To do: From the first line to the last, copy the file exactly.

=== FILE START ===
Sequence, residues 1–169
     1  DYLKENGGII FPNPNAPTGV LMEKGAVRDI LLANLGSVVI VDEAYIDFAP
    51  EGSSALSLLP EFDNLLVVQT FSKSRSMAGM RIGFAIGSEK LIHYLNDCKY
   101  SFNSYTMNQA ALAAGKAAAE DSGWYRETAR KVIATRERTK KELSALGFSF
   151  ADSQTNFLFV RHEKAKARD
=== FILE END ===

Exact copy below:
Sequence, residues 1–169
     1  DYLKENGGII FPNPNAPTGV LMEKGAVRDI LLANLGSVVI VDEAYIDFAP
    51  EGSSALSLLP EFDNLLVVQT FSKSRSMAGM RIGFAIGSEK LIHYLNDCKY
   101  SFNSYTMNQA ALAAGKAAAE DSGWYRETAR KVIATRERTK KELSALGFSF
   151  ADSQTNFLFV RHEKAKARD